The documents of this ledger were created both during the hey-day of the 25-year-conscription, and as plans to end it were being made in 1852-1855. A source of information and details of the recruit pool among Jews needed to be maintained.  The  Russians wanted a firm handle on where they would find their soldiers  in the future, and three new tools were put into play by the Russian bureaucracy.  A law requiring  the creation of metrika, (that is birth registers) originally passed in the 1830s was put fully into  effect in the 1850s – that would ensure that a list of male babies would be preserved with their birth year, the place of birth, and the place of legal residence. These were bound volumes, so pages could not be added. They could filled in only by the crown rabbis elected every three years in each community, who faced very severe penalties for allowing falsification. A simple kind of mendacity was eliminated simply by requiring a bound book and totals on each page, both of which reduced the risk of late additions. A second item may not have been instituted with a specific law, but it was the reason for these “Rekrutskie Skazky” or Conscription Revision Lists.” Each listed a Jewish male who had been born before the requirement of birth registers.  Most were males under the age of common majority (age of 21) or of legal majority (the age of 24). Older men were listed with their sons and nephews for whom this was most applicable. A third item was “Corrections to the Revision Lists.” Like the full Revision Lists, these filled a page with a number of families. But each lists only a single person, his age, his current household and the most recent previous  household number. There is, as in the traditional Revision List, a second half of the page for females associated with that household. But very few men in this list are listed with the wives and daughters found on the normal Revision lists. A fourth was a series of “Reports on Recruitment.” These documents are multiple pages with multiple paragraphs each. These are not Revision List forms. Instead, like in the “Corrections to the Revision Lists” each is reported with surname and household numbers past and present, but they list the substitutes for military service, that the family sent in their stead. As retrospective historical documents, they are more prone to error the farther the date in time from the event. So for instance we can see in one of those Correction Lists - Yankel Ber Kantor son of Shaya of Ostropol is reported as having been recruited in 1837. But in the 1834 Revision List, that same Yankel Ber Kantor son of Shaya was listed as having been recruited in 1827. That one is easy to ascertain which was correct. The 1834 Revision List could not report an event that took place after April 1834 when it was compiled. So clearly, the later retrospective document places Yankel Ber in the wrong decade. There is sometimes more than one retrospective document.  So someone drafted in 1841 might be named in two or three documents, with the date misplaced in some of the later ones, but everything else matching. I have listed them all separately because repetitive documents can provide validation for information you already have, as well as new info. One of them might provide a household number tying the conscript into a previously unknown household group. One of them might tie him to his birth family and another into the family of an uncle previously not reported.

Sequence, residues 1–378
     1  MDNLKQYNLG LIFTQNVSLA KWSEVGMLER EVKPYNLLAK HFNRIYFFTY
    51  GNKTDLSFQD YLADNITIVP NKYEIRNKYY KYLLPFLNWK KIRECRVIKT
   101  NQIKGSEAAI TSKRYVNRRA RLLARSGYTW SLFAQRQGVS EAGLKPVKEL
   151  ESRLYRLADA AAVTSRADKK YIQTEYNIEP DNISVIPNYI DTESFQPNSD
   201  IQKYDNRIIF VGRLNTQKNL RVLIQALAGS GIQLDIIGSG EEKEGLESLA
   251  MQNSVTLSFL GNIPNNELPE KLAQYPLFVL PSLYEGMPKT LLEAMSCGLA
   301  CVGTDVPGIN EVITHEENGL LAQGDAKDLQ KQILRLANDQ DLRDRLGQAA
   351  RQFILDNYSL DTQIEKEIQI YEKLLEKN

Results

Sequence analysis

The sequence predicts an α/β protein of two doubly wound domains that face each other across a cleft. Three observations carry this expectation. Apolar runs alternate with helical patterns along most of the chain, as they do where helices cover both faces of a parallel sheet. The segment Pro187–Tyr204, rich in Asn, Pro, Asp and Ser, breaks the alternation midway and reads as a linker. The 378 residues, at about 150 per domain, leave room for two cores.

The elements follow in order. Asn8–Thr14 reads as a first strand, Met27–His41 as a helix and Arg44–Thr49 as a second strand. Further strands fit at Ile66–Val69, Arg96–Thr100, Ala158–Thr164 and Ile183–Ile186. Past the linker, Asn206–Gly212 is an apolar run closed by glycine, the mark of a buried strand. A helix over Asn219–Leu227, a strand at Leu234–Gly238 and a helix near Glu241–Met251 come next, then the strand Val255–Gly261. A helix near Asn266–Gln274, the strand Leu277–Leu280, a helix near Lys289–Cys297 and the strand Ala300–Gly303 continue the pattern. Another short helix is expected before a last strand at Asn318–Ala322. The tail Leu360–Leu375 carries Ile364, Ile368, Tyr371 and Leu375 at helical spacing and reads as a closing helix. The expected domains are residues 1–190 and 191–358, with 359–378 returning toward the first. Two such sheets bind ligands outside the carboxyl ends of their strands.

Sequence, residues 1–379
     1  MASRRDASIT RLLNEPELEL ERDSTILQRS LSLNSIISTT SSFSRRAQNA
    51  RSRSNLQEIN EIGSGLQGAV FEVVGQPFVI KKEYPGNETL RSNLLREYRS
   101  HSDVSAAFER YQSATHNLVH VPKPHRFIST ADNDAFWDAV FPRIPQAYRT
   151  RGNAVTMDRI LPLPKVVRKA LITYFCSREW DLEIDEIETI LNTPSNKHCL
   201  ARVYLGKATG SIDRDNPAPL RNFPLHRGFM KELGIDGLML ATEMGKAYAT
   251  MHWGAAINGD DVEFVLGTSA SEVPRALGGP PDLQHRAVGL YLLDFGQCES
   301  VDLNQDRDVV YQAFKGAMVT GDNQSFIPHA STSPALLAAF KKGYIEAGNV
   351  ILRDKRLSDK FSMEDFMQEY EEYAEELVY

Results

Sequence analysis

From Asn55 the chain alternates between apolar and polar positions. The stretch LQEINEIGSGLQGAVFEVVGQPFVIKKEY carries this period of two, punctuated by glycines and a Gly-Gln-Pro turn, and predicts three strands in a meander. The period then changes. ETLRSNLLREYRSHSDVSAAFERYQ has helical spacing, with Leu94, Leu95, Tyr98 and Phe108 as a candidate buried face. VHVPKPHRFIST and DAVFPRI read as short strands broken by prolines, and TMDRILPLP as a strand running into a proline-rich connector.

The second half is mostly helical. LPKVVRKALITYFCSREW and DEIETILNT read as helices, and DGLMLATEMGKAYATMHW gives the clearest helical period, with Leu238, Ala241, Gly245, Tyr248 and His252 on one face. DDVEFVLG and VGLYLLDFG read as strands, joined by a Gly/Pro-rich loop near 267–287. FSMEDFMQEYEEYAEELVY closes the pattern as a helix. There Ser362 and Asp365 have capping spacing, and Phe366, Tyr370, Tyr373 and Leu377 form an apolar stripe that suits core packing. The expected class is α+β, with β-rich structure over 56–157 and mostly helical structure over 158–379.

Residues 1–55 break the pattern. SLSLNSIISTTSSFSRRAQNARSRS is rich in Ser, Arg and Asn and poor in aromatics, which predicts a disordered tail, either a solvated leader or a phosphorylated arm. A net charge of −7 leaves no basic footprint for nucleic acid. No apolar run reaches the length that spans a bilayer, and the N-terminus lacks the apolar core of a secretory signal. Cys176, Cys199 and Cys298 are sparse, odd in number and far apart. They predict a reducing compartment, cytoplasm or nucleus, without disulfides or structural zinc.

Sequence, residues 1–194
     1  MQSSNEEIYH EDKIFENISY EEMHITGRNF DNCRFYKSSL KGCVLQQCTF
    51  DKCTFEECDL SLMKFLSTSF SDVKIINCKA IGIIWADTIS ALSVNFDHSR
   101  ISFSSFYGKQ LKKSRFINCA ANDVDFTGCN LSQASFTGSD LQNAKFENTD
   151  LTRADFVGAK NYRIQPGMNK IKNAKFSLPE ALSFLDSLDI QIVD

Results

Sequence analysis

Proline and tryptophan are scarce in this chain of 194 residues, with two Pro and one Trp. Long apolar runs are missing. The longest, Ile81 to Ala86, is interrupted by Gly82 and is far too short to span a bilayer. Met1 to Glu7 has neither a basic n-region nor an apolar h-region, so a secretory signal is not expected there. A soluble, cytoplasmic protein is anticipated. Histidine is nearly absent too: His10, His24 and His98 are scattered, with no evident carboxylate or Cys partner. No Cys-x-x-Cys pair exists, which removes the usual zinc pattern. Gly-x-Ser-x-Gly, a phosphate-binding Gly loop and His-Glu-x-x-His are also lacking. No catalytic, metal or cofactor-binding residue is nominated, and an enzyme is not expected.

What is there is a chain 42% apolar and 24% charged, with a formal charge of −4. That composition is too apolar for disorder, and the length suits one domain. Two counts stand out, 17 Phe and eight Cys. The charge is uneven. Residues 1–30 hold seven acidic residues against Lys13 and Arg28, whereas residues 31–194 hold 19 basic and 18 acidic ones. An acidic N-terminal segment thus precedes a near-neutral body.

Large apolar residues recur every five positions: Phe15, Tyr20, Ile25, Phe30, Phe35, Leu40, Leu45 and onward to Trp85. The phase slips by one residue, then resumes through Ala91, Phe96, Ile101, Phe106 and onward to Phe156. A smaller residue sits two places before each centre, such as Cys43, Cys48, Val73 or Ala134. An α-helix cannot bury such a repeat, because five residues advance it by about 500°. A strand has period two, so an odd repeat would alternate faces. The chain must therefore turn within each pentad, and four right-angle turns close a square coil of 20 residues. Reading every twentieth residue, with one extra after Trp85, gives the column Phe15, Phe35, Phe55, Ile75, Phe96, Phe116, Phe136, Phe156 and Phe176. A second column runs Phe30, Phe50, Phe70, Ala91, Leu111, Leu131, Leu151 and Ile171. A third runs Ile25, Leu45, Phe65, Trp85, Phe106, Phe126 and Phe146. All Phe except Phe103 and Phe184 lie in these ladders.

The long-terms of Jewish military service  began in 1827 and were ended early in the 1850s,  implemented and ended by the same man, Tsar Nikolai I.  Right now we only know of a few  soldiers from that period, who eventually turned up in the records of their towns of discharge to be cited as retired soldiers of Ostropol – in Vilna, Kishinev, and Brest-Litovsk.  As we start to work our way through birth registers of nearby larger communities including Novogrod-Volinski, Zhitomir,  Starokonstantinov, Zaslav, and Kiev (Kiev was the largest but farthest away), we will probably find others in their birth and marriage registers. We do know of  individual Jews who made it back to Ostropol itself, after that military impressment, but simply not getting home, took many of them out of our ability to see what happened to them next. Some, no doubt, died by disease and in conflicts. Others may have had succumbed to constant pressure to convert. But discharge in other parts of the Russian Empire, meant that healthy men who went on to marry and have children, are still largely out of our view. When they married or had children in another town, the registers in which they appeared might refer to them as discharged soldiers, former soldiers, Nikolai soldiers – all of which would replace the normal reporting that they were an  Ostropol townsman or Ostropol merchant. There Ostropol origins might occur as their fathers were named. So-and-so a former soldier, son of  Such-and-such an Ostropol townsman.